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Getting to know New Zealand
Twenty-six Furman students rubbed shoulders, and in some cases noses, with a diverse group of New Zealanders during a unique May Experience course studying communication, culture, and identity.
Their travels brought them to five different cities in the island nation, learning from scholars, editors, and journalists about the role of mass media in shaping and reviving the identity of its inhabitants.
Communications studies professor John Armstrong, Ph.D. and education professor George Lipscomb, Ph.D. first took a group of Furman students to study communication in New Zealand in 2011. Their second trip to New Zealand together with students in 2014 brought a mix of communications, education, French, Spanish, political science, biology, and health science majors for three weeks of learning and enjoying new experiences.
Courtney German ’15, a communications studies and sociology major from Medford, N.J., said she’d been looking for an opportunity to “take a step outside of my comfort zone with a study away experience.”
After 18 hours of air travel, German said she found exactly what she’d been looking for.
“Learning about the indigenous culture of the Maoris was probably the most academically and, simultaneously, culturally enriching part of the experience for me,” said German.
The Maori, the indigenous people of New Zealand, came to the country in the 1200s and make up 14 percent of the nation’s population. Furman students were able to not only learn about the language, customs, and traditions of the Maori culture from professors at the Auckland University of Technology, but were able to experience the culture firsthand.
They were welcomed into the wharenui, a communal meeting house, by the songs and blessings of the kaikaranga. They learned the traditional Hongi greeting, “sharing a breath” by pressing their noses and foreheads together for a moment, and Thompson ’16 had the chance to see and explore the majestic backdrops of the movies.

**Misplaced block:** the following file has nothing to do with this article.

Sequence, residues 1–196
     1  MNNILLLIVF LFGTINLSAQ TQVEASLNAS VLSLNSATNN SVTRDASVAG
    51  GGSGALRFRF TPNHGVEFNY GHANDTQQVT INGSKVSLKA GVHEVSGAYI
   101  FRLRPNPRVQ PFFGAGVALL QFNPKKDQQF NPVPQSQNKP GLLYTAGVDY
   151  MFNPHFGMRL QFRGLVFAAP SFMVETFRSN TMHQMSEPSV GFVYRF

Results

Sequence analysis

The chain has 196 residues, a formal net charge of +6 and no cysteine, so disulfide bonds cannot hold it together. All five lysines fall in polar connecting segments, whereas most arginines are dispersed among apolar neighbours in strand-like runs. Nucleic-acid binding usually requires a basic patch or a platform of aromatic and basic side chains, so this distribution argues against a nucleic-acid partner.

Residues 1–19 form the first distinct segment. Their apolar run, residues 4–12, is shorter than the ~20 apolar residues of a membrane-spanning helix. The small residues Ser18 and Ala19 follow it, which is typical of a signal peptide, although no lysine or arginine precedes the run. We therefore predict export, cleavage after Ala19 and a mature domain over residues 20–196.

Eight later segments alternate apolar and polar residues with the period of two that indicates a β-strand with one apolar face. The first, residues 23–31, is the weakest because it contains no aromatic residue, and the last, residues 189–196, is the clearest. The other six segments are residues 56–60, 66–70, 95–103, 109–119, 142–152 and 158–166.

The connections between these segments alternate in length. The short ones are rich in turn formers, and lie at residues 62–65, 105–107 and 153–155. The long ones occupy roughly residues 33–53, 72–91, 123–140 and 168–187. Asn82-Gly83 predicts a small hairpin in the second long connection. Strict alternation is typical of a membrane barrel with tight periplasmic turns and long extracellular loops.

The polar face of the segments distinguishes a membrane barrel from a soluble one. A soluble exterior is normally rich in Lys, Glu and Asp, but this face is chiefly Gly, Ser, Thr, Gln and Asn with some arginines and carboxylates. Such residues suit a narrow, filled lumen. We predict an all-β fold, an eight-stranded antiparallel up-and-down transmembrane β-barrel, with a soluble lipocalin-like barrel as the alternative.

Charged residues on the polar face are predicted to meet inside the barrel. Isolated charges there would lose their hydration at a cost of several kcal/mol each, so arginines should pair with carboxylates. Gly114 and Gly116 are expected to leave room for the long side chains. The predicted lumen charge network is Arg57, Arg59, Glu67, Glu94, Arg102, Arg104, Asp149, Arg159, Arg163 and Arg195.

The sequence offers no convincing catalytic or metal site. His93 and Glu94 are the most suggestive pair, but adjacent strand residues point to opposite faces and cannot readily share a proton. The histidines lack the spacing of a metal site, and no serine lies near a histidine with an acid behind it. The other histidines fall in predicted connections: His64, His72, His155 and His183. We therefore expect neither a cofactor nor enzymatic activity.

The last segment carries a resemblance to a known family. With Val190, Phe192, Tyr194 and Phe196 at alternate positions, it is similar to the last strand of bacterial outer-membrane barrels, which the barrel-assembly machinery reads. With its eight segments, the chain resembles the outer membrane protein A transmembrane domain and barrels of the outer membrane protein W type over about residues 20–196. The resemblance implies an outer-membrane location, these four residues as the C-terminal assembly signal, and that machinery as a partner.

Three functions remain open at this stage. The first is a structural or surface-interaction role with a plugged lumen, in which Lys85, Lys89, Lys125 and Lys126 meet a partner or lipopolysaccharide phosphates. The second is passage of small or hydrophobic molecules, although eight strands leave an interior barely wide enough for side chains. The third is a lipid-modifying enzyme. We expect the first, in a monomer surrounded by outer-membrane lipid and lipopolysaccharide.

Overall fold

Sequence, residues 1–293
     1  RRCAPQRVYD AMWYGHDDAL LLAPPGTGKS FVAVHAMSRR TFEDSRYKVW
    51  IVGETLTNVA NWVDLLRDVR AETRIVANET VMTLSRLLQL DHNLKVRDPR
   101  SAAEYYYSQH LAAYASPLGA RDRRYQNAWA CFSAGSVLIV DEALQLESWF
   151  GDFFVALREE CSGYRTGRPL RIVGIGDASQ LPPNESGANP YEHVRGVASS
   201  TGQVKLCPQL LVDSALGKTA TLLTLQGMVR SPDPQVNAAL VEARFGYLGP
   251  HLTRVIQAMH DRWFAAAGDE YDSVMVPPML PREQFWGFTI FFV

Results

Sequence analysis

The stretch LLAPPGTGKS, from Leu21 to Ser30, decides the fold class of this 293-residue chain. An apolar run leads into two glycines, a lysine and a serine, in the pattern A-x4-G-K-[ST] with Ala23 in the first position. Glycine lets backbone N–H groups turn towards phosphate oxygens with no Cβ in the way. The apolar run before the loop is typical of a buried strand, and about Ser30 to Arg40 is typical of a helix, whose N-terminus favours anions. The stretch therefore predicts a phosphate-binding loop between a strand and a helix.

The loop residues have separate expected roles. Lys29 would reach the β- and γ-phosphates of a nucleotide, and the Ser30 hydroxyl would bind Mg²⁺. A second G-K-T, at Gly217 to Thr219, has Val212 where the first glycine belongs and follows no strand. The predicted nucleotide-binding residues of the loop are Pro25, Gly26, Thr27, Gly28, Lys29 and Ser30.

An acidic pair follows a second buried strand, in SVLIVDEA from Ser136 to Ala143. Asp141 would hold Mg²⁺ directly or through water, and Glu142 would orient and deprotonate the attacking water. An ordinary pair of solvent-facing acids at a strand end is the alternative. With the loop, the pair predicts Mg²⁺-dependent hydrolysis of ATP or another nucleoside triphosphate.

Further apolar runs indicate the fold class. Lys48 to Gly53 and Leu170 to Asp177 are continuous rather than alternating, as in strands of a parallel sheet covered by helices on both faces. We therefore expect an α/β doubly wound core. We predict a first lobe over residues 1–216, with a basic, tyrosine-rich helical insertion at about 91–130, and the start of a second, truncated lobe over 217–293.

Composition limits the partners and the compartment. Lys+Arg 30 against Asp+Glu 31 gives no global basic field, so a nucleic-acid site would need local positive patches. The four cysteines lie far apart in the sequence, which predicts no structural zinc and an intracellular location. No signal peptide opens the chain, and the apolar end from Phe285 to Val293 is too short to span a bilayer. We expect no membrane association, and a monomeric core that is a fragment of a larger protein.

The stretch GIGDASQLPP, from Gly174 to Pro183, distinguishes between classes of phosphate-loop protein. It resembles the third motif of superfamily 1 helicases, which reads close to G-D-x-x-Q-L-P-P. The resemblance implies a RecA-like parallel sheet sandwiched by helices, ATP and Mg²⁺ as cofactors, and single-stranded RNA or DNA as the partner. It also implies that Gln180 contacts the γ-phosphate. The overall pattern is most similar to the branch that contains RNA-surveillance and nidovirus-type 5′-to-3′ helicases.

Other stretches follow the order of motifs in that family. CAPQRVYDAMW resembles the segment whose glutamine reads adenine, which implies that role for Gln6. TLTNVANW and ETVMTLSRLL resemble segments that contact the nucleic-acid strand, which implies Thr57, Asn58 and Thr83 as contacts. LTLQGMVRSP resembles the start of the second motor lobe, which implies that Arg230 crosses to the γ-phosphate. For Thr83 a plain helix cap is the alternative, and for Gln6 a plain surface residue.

At the Hobbiton film site in Matamata, director Peter Jackson constructed a small village to be the home of the hobbits. “It was fascinating to learn about the attention to detail required to make these movies and to hear about how much it has impacted global awareness of New Zealand,” said Thompson, an economics and political science major from Arlington, Va. “It was particular exciting to watch the movies afterwards and be able to say, ‘I was standing right there earlier today.’”
Lena Pringle ’15, a communication studies and Spanish major from Lancaster, S.C., was similarly inspired by the magnificence of the Milford Sound fjord of New Zealand’s South Island. “This was the most beautiful natural landmark I have ever seen,” she said. “Words would not do it justice.”
Even the little things were a treat to Furman students, especially Hokey Pokey ice cream, a New Zealand specialty. “It’s honeycomb toffee, vanilla, cinnamon and other wonderful greatness all mixed into one scoop of delicious ice cream,” said Pringle.
German said she learned an important life lesson. “I learned to take in moments instead of focusing on capturing pictures,” said German. “I learned flexibility, and that despite organization . . . things do not always turn out how you expected—sometimes, they turn out even better!”
“A May Experience course gives you the chance to participate in the Furman ideal of engaged learning,” said Thompson. “Rather than look at pictures of the Southern Alps or Milford Sound, we got to experience it. Rather than read a textbook about how mass media shapes culture, we visited TV studios, recording studios, and film locations to see for ourselves the processes that result in the media we consume. Rather than read a textbook about Maori culture, we shared meals with the Maori, listened to them tell stories of their past and experienced the power of their heritage.”
Read the student blog.
Image courtesy Shutterstock.